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The Three Lions boss went on to hail the Manchester United striker's "magnificent" attitude and praised the efforts of his players but called the Italy game a "bridge too far"

Roy Hodgson has defended Wayne Rooney after Fabio Capello criticised the forward for his poor performance against Italy as England were eliminated from Euro 2012, hailing his attitude as "magnificent".

The former Three Lions manager hit back at Rooney's 'lost in translation' jibe on Tuesday by suggesting that he could "only understand Scottish".

Hodgson, however, leapt to the defence of the 26-year-old before continuing to praise the squad for their efforts in Poland and Ukraine.

Rooney sympathises with fans
"Capello is entitled to his opinions, I suppose," Hodgson told talkSPORT. "I don’t know what relationship he would have had with Wayne but I always think it’s a bit cheap to kid on a player who was so anxious to do well.

"His attitude [at Euro 2012] was magnificent. He was putting in extra work in training because he was concerned he was behind the others having missed the first two games through suspension.

"He was trying to do extra work and we were trying to put the brakes on. His desire to do well was enormous.

"In the final game [against Italy] he, along with one or two other players, didn’t play to the level he can but that’s what football is about. If every player was a robot and played at the same level in every game then football would be a very simple game and we wouldn’t need coaches."

Aside from a promising opening 20 minutes in which Glen Johnson and Danny Welbeck were unlucky not to score, England were vastly outplayed by Italy on Sunday and eventually succumbed to defeat in the dreaded penalty shoot-out.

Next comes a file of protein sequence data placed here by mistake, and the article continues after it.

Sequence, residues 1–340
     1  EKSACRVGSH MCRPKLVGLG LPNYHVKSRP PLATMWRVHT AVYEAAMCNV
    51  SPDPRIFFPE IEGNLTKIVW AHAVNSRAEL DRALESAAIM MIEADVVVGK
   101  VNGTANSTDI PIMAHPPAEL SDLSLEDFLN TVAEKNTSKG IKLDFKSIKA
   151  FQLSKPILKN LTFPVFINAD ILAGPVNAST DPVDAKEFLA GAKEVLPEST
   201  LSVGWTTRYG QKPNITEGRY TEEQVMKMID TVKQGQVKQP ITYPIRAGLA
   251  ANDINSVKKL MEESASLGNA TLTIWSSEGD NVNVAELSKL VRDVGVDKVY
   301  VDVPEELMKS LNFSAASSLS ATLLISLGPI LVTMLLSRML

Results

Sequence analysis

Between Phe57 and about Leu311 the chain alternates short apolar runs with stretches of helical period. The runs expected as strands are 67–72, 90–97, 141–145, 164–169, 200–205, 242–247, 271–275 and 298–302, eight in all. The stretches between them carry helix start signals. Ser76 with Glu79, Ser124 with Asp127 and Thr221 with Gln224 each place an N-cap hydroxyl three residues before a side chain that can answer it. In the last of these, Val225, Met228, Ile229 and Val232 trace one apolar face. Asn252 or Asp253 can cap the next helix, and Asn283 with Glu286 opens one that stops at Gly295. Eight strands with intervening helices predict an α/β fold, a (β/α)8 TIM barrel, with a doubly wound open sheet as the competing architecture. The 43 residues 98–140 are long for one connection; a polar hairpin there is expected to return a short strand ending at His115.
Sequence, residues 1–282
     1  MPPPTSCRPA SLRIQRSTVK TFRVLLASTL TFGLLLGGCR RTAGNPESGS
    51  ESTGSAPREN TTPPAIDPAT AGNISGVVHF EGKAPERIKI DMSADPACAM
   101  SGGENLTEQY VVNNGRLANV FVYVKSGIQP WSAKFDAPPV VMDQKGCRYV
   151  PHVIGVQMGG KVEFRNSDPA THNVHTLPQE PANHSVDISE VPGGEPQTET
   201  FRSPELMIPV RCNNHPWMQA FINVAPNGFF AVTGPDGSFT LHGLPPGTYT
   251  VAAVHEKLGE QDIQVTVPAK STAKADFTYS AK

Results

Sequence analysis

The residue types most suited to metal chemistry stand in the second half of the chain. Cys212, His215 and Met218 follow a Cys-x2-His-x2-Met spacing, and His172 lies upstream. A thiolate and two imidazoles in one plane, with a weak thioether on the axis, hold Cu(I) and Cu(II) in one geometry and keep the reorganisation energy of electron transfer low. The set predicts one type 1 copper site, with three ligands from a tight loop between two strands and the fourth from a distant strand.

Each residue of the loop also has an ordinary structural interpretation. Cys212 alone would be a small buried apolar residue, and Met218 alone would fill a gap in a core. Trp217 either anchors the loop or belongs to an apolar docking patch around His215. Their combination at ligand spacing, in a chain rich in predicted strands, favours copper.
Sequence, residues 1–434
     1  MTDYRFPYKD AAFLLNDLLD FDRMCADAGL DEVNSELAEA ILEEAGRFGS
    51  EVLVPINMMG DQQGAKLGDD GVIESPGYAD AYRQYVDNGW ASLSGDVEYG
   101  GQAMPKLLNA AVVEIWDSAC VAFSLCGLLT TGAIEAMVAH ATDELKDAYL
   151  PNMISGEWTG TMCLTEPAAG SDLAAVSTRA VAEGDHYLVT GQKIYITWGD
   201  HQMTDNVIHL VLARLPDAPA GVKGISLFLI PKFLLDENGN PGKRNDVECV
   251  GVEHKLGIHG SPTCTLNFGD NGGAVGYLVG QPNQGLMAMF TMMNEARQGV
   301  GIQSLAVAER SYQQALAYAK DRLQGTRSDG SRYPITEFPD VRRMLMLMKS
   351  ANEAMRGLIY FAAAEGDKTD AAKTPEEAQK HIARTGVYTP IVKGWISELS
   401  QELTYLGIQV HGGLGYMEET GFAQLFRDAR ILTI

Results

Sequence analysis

“Maybe it [the quarter-final] was a bridge too far," Hodgson continued. "We ran out of legs a bit in the final part and didn’t keep the ball as well as we should have done but it was a valiant effort to take the game to penalties.

"There was a brief period in the first half when we showed what we could do but we couldn’t keep that up. Getting to penalties was the best we could do.

"I don’t think we could have done much more. The players' focus couldn’t have been better, and the effort couldn’t have been better.

"In the first half that showed. At half-time I didn’t see any reason to believe we couldn’t win the game. But in the second half and extra-time it was obvious they were in the ascendancy and we were thankful for some magnificent defending to make sure we stayed in the game.

"There was no surrender. It was a great effort and I feel very proud of what the players did for me on the pitch. But there will always be recriminations if you don’t get as far as you’d like, and achieve what you want to."

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